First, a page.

A lot has been made of the befuddled way in which senators tried to confront Mark Zuckerberg last week. Orrin Hatch seemed surprised that you can run a profitable tech business without charging customers for the service. (Zuckerberg’s deadpan reply: “Senator, we run ads.”) Brian Schatz proved he didn’t have even a basic understanding of WhatsApp. Lindsey Graham gamely pursued questions about monopoly practices, but he got lost trying to figure out exactly who and what Facebook is monopolizing.
Everybody from Silicon Valley snobs to frustrated watchdogs rolled their emoji eyes at the spectacle. Those who had hoped to see a perp walk instead watched Zuckerberg stroll to the bank: Facebook’s share price climbed 4.5 percent the next day. The strongest regulatory threat to emerge was the happy CEO’s offer to write some new rules himself.
The House did far better in its questioning the next day. But, to be fair to the senators, the most urgent questions about Facebook’s business model are complicated. Most of us don’t understand them, and the company has spent gobs of money to make sure both users and their elected officials remain foggy on the details. Zuckerberg actually pointed to the core question himself, even as he avoided meaningful answers: Is the company to be understood as a neutral platform—as it would prefer—or something more akin to a media conglomerate, or an Internet service provider, or some kind of forum for electioneering, or… well, any of the many functions Facebook serves, most of which we already agree need some form of public oversight?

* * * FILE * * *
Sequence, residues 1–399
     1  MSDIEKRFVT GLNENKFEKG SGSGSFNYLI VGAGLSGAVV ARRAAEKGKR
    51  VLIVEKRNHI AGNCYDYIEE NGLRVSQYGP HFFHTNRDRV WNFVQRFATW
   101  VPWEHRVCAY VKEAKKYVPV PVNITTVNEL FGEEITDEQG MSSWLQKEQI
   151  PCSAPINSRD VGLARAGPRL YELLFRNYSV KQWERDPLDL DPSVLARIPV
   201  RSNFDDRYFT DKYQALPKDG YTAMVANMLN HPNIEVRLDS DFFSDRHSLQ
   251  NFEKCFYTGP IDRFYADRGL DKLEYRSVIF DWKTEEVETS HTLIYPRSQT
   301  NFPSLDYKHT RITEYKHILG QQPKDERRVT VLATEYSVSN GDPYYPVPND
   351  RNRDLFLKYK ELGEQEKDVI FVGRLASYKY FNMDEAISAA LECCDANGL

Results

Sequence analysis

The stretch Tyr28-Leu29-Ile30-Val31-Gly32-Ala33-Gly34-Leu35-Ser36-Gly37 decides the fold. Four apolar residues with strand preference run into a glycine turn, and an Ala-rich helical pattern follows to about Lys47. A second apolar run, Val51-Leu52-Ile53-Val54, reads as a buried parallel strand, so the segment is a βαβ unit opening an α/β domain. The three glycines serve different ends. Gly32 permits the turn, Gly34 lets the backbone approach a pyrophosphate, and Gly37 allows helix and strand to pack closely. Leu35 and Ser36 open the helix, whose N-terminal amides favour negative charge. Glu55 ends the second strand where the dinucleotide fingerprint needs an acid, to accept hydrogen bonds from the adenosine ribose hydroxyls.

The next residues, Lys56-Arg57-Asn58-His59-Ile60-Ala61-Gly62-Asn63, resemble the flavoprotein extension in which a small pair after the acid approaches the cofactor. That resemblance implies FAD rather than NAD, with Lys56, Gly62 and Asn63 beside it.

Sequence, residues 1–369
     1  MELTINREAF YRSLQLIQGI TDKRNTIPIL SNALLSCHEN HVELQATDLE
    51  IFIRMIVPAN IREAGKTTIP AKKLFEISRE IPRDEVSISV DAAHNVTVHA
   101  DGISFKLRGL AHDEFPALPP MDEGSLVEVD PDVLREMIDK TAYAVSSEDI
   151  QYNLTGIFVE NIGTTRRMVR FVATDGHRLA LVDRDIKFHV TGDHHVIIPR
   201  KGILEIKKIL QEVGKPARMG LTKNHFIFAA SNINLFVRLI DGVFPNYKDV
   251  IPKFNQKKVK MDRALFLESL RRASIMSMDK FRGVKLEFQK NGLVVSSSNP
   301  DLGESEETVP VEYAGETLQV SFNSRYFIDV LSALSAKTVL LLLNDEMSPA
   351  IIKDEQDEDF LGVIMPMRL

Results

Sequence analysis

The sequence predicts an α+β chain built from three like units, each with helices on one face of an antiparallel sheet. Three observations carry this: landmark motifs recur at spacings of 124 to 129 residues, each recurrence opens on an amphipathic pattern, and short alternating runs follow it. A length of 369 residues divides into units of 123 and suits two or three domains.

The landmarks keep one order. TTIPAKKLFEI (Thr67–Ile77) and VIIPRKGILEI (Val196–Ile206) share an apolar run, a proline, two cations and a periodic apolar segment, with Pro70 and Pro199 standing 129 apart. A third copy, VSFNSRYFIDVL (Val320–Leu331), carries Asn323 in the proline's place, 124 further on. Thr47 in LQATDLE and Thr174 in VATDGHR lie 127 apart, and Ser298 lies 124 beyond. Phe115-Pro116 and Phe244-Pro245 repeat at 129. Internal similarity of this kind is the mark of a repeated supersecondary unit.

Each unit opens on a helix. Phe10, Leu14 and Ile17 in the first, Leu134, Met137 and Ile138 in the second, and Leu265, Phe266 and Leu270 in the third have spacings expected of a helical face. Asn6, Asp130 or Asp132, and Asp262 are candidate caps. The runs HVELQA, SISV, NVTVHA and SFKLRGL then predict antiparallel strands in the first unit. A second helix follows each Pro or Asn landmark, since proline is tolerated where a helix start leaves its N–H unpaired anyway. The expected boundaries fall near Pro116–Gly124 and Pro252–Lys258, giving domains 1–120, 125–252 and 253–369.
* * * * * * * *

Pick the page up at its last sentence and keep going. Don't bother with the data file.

I wonder, though, if even that question still skirts around the matter. I fear that, while we rightly worry about privacy and political misinformation and unaccountable power, we are rushing past a still more fundamental concern. The first horror of Facebook is that it reveals just how deeply we’ve let capitalism sink its teeth into our lives; it’s the vampire we’ve invited across the threshold of our homes. Once inside, we’re powerless against the greedy monster: Even our most intimate thoughts and relationships have become commodities.
To be clear, the peripheral questions still matter: Facebook needs to be regulated. The first proof of that fact is the sanitizing jargon we use to describe the company’s primary business. We talk about “targeted advertising,” “user segmentation,” “data collection.” What is it we’re trying not to say? The correct word is surveillance. And even if we’ve passively agreed to be surveilled, by logging on and taking advantage of the unquestionably powerful tool we get in return, it’s a stretch to call it truly informed consent for most of us—even for much of the US Senate, as it turns out.
Moreover, whatever the company’s intent may have been in creating its platform, it now has 2.2 billion global users—an accomplishment of its relentlessly growth-focused strategy—and as a result, it enjoys unique power to silence or amplify everything from political speech to commerce. How it exercises that power remains a secret. The need for close regulation is plain.